The Canadian Opera Company’s new production of Otello is a collection of welcome returns: the return of Verdi’s penultimate masterpiece after nine years, the return of principals Russell Thomas, Tamara Wilson and Gerald Finley, and the return of director David Alden. 

As with any Alden production, there are elements that leave me scratching my head: a bit of puzzling choreography here, a superfluous non-singing character there. But those are quibbles; this is one of the most riveting productions I’ve seen on the COC stage in several seasons.

Alden doesn’t leave a moment wasted. The Personenregie is detailed, the chorus moves with intent, and key dramatic moments are highlighted with urgency and skill – the tricky third act concertato is as clearly directed as I’ve seen. And the veteran director brings out the best acting in his cast.

The production is set (“ambiguously” as per the director’s notes) around the time of the opera’s composition. Jon Morrell’s sets and costumes are gray and gritty, creating an unwelcoming atmosphere. Adam Silverman’s lighting evokes German Expressionism. This is a brutal, unhappy world. Desdemona is notably its sole point of optimism.

The production puts Jago at its very centre. The lighting highlights Jago from the opening storm sequence as he stands silhouetted in an archway. He survives the opera’s heart-wrenching conclusion, ominously glancing towards the audience on the final chords – evil lives on. This change to the libretto comes across naturally, rather than in an interventionist way. Otello moves to kill Jago but drops his sword, his despair clearly focused on his deceased wife.

Always a fine actor, Finley outdoes himself as he explores the most disturbing depths of his villain. With pale skin and red eyes, he is presented as a ghostly, almost undead figure – a visual personification of his Credo. Vocally, he sounds at least a decade younger than his 59 years.

His voice may lack bite, but its dark colors convey the character’s malevolence. And while he lacks the vocal amplitude of typical Jagos, he is never inaudible. Musically, his singing is impeccable, and his attention to text sets the pace amongst a text-diligent cast. I won’t soon forget his haunting portrayal.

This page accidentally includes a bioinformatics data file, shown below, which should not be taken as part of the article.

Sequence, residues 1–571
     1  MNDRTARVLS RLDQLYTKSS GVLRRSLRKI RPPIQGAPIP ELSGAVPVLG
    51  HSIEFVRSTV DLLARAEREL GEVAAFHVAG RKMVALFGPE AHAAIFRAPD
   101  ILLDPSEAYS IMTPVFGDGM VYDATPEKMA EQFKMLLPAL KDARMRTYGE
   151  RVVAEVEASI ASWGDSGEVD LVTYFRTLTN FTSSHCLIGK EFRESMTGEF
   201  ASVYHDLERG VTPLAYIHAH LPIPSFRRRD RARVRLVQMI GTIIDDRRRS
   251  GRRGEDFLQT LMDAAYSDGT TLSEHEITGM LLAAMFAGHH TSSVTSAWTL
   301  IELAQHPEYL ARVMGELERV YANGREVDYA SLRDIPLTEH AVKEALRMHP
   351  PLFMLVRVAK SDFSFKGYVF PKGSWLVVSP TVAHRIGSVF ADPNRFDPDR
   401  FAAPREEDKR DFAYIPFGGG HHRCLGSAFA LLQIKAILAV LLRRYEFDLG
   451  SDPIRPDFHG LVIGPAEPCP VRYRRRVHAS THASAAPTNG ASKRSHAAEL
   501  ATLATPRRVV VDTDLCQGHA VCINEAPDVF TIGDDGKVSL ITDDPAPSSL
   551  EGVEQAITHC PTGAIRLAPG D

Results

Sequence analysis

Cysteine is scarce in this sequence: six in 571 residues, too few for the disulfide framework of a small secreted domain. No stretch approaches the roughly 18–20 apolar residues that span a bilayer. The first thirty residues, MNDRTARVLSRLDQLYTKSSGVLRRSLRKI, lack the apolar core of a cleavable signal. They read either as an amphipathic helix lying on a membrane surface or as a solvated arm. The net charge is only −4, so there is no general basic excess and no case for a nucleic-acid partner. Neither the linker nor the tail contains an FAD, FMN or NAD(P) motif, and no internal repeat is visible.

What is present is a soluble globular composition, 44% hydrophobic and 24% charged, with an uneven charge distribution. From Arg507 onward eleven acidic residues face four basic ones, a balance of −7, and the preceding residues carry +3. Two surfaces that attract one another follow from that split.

As the titular character, Thomas is on the lighter-voiced side of this role’s interpreters, but he, too, is never inaudible. Yes, certain climaxes in the second and third acts are underpowered. But I’ve heard a number of Otellos power impressively through those moments and come up short musically elsewhere. Thomas sings gracefully and never pushes his voice. He also delivers his most impressive acting to date on the COC stage. This is a deeply moving portrayal.

Equally affecting is Wilson’s Desdemona, who gives a heartbreaking performance. She deploys her voice – an alluring combination of sunshine and steel – with a range of dynamics and stylish phrasing. She can pour out a flood of sound when she needs it but is more interested in nuance.

She saves her most passionate outpouring for Desdemona’s confusion in the third act colloquy with her husband. I look forward to her Aida next season (happily paired again with Thomas as Radames).

Mezzo-soprano Carolyn Sproule’s Emilia is a timid, bookish figure – terrified of her husband but also sexually drawn to him. She sings her lines with warm tone and unaffected delivery.

Andrew Haji (a previous Nemorino for the COC) possesses the very definition of a “honeyed tenor”. I’ve yet to him utter an unbeautiful sound and he sings Cassio’s line sweetly and acts sincerely.

Tenor Owen McCausland’s convincingly conveys the production’s conception of Roderigo as a dandy. And bass Onay Kose is an authoritative Lodovico.

Music Director Johannes Debus leads a muscular, propulsive performance, revelling in the score’s accents and highlighting its rich, colourful details. The COC Orchestra responds in kind. The COC Chorus acts as well as any opera chorus and sings with rich, penetrating sound.

Otello is the very first live opera I saw as a teenager. I’ve seen it on stage and on video numerous times in the intervening 29 years, but I haven’t been so captivated by it in many years. Bravo!

Photos: Michael Cooper